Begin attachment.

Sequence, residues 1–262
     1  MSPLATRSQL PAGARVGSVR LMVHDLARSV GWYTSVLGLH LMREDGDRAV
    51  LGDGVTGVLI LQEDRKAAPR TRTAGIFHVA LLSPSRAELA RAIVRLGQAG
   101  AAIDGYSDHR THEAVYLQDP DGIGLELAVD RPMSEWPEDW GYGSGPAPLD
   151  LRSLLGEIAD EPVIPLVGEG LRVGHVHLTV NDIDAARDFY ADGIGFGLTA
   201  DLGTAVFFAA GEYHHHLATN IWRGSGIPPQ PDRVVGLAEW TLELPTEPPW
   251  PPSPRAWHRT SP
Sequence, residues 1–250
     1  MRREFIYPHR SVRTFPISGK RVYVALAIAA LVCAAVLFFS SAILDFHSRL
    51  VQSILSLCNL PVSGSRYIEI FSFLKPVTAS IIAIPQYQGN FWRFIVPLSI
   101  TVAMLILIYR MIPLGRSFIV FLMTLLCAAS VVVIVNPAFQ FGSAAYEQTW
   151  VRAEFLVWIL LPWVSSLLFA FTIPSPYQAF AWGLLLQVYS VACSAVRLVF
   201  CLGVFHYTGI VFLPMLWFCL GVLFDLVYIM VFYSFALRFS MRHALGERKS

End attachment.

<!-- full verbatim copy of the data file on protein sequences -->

Sequence, residues 1–262
     1  MSPLATRSQL PAGARVGSVR LMVHDLARSV GWYTSVLGLH LMREDGDRAV
    51  LGDGVTGVLI LQEDRKAAPR TRTAGIFHVA LLSPSRAELA RAIVRLGQAG
   101  AAIDGYSDHR THEAVYLQDP DGIGLELAVD RPMSEWPEDW GYGSGPAPLD
   151  LRSLLGEIAD EPVIPLVGEG LRVGHVHLTV NDIDAARDFY ADGIGFGLTA
   201  DLGTAVFFAA GEYHHHLATN IWRGSGIPPQ PDRVVGLAEW TLELPTEPPW
   251  PPSPRAWHRT SP
Sequence, residues 1–250
     1  MRREFIYPHR SVRTFPISGK RVYVALAIAA LVCAAVLFFS SAILDFHSRL
    51  VQSILSLCNL PVSGSRYIEI FSFLKPVTAS IIAIPQYQGN FWRFIVPLSI
   101  TVAMLILIYR MIPLGRSFIV FLMTLLCAAS VVVIVNPAFQ FGSAAYEQTW
   151  VRAEFLVWIL LPWVSSLLFA FTIPSPYQAF AWGLLLQVYS VACSAVRLVF
   201  CLGVFHYTGI VFLPMLWFCL GVLFDLVYIM VFYSFALRFS MRHALGERKS